Bochi 2002: the Berger-Wang theorem holds in finite time. There are {k} and {c} depending on dimension only such that

\displaystyle  \begin{array}{rcl}  R(S)\geq \sup_{n\leq n(d)}(\max_{g\in S^n}|\lambda(g)|)^{1/n}\geq c\, R(S). \end{array}

The proof is algebraic.

5. Geometric point of view

I want to give a geometric proof of some of the above results.

On a metric space, a set of isometries has a joint minimal displacement

\displaystyle  \begin{array}{rcl}  L(S):=\inf_{x\in X}\max_{x\in S}d(x,sx). \end{array}

and an asymptotic minimal displacement

\displaystyle  \begin{array}{rcl}  \ell(S):=\lim \frac{1}{n}L(S^n). \end{array}

When {S} has only one element, {\ell(g)} equals translation length.


\displaystyle  \begin{array}{rcl}  \lambda(S)=\max_{s\in S}\lambda(s), \quad\textrm{and}\quad \lambda(S)=\frac{1}{k}\max_{s\in S^k}\ell(s). \end{array}

Berger-Wang generalizes.

Question. When does equality {\lambda_\infty(S)=\ell(S)} hold?

For affine isometric actions on Hilbert spaces, vanishing of {L} and {\ell} correspond to vanishing of reduced cohomology,…

5.1. Results

Equality {\lambda_\infty(S)=\ell(S)} holds for buildings, symmetric spaces and hyperbolic spaces.

Theorem 2 (Breuillard-Fujiwara) For buildings, there is {k=O(dim(X))} such that equality {\lambda_k(S)=\ell(S)} holds.

For symmetric spaces there are {k,C=O(dim(X))} such that inequalities {\ell(S)-C\leq\lambda_k(S)\leq\ell(S)} holds.

For {\delta}-hyperbolic metric spaces, there is {C=C(\delta)} such that {\ell(S)-C\leq\lambda_2(S)\leq\ell(S)}.

Last statement generalizes Serre’s lemma. Our proof is a quasification of Serre’s. The second generalizes Bochi’s. Our proof is not fully geometric, it still uses some linear algebra.

It follows that if {L(S)>0}, there is an element of length {k} which is responsible for that.

5.2. Proof

I stress how useful Helly’s theorem is: in a {d}-dimensional {CAT(0)} space, if convex subsets have non-empty {d+1}-wise intersections, then the intersection of the whole family is non-empty.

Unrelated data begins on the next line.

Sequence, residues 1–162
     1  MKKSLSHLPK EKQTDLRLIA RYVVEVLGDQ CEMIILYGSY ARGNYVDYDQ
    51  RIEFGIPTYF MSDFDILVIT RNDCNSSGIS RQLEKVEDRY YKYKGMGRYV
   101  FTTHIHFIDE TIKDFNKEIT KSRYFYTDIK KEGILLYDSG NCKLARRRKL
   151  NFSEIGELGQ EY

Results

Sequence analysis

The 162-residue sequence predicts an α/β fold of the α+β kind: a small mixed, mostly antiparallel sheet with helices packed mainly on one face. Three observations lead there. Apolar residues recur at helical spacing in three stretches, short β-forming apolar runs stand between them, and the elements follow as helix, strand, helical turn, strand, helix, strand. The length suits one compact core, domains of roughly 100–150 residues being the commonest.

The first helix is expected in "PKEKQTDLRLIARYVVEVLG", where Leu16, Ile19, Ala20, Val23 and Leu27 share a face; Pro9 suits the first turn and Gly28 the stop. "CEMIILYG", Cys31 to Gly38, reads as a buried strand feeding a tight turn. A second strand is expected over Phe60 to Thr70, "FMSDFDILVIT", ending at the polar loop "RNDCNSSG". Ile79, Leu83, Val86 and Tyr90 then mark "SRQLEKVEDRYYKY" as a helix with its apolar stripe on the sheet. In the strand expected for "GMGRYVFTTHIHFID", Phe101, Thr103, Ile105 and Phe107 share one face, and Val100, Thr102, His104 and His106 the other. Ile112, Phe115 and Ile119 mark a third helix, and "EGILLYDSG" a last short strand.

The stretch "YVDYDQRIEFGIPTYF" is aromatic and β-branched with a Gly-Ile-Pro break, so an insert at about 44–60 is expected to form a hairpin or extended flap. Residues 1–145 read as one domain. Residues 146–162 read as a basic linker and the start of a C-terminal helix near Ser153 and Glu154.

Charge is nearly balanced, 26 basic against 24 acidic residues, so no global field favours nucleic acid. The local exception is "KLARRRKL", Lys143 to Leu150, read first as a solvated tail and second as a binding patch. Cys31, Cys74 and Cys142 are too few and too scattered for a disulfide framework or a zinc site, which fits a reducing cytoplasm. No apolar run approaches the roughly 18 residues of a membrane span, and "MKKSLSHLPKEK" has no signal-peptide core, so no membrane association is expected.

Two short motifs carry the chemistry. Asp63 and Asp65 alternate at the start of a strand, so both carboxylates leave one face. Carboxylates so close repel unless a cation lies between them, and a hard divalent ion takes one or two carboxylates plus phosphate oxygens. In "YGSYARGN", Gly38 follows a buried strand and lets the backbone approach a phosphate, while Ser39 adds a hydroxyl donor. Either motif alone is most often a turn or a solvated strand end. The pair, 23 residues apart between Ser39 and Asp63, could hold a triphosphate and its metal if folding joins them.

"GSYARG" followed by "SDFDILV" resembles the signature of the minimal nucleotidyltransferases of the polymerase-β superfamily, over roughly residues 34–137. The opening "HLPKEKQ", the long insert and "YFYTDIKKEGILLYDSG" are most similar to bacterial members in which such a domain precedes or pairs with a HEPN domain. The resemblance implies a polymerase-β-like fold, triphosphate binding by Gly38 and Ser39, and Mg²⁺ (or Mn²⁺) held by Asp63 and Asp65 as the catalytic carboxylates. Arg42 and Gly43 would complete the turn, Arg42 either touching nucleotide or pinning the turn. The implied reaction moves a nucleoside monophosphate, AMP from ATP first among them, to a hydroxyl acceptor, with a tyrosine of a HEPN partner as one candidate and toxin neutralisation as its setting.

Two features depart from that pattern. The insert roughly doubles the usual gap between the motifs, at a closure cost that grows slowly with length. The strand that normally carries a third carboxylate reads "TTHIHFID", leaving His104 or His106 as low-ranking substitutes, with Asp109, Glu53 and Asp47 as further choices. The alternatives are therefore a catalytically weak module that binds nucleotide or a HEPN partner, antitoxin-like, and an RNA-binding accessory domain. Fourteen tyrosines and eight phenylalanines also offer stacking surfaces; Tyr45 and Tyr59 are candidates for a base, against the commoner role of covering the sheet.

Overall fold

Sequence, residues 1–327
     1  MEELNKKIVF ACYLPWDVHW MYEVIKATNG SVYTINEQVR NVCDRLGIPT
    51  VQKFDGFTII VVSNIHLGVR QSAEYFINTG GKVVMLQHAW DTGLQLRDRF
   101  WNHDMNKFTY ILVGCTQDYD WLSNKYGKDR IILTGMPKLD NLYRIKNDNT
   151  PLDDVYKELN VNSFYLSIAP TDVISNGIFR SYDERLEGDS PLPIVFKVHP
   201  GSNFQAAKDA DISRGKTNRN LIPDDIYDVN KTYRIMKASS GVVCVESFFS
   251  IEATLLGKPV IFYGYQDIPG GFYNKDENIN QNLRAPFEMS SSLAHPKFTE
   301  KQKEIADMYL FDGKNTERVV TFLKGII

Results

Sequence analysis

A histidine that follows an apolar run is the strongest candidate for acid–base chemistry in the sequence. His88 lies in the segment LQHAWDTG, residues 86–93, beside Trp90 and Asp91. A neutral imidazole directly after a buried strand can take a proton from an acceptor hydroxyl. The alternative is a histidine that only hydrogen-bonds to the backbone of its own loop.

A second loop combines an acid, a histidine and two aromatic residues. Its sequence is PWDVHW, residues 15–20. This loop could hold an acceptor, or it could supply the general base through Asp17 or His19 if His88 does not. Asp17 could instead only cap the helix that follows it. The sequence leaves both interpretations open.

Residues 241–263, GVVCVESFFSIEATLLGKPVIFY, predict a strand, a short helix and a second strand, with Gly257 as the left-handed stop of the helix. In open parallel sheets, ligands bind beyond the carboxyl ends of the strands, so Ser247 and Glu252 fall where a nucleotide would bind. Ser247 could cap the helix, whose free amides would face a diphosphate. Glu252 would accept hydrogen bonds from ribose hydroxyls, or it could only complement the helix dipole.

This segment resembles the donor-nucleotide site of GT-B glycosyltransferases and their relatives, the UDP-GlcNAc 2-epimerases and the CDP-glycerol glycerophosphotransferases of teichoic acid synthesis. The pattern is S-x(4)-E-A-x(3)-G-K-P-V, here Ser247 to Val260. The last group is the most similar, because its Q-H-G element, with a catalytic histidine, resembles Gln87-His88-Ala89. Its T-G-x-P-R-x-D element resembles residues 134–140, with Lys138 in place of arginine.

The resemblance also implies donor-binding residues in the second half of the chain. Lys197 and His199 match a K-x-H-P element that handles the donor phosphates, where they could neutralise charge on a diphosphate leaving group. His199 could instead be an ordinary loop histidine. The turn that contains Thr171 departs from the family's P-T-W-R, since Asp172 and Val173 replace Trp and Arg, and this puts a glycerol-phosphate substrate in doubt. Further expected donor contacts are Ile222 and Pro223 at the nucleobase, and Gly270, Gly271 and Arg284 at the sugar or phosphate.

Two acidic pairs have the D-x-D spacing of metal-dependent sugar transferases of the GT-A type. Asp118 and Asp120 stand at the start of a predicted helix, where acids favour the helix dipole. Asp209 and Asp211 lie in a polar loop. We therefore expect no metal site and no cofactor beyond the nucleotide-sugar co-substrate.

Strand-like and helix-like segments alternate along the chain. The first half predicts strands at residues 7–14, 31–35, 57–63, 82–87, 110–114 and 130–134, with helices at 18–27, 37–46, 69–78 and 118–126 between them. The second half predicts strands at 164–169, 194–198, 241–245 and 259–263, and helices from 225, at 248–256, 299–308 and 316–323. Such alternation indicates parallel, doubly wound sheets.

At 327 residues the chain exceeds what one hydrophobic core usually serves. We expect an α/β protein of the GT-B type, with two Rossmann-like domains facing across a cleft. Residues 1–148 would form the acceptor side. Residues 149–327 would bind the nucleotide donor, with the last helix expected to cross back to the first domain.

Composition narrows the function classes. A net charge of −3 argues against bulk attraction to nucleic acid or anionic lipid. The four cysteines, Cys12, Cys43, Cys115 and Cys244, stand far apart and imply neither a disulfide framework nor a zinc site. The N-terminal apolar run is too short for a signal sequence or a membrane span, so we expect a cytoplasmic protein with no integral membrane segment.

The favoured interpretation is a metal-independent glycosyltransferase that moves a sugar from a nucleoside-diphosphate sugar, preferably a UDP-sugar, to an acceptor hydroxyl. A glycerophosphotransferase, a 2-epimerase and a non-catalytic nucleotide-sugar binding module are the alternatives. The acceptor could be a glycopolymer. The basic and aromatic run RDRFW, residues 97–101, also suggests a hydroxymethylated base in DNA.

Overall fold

There are even more general versions. There is a {\delta}-hyperbolic version.

It implies that {L(S)=\sup\{L(S')\,;\,S'\subset S,\,|S'|\leq d+1\}}.

5.3. Application to uniform exponential growth

Corollary: for a {\delta}-hyperbolic space, either {L(S)\leq C\,\delta} (i.e. {S} almost fixes a point) or two elements generating a free semi-group can be found in {S^3}.

Note that the second case may never occur (e.g. Burnside groups).

This improves on Besson-Courtois-Gallot 2011. They obtained exponential growth for pinched Riemannian manifolds, but could not find a free semi-group, due to possible elliptics.

We recover their result because almost fixed points are ruled out by Margulis Lemma.

In hyperbolic spaces, a version of Margulis lemma follows for the structure theorem for approximate groups. Therefore we can state:

Corollary: for a {\delta}-hyperbolic space in which every ball of radius {2\delta} is covered by {K} balls of radius {\delta}, a free sub-semigroup is generated by elements of length {\leq N(K)} independent on {\delta}.

Hope to cover mapping class groups.


About metric2011

metric2011 is a program of Centre Emile Borel, an activity of Institut Henri Poincaré, 11 rue Pierre et Marie Curie, 75005 Paris, France. See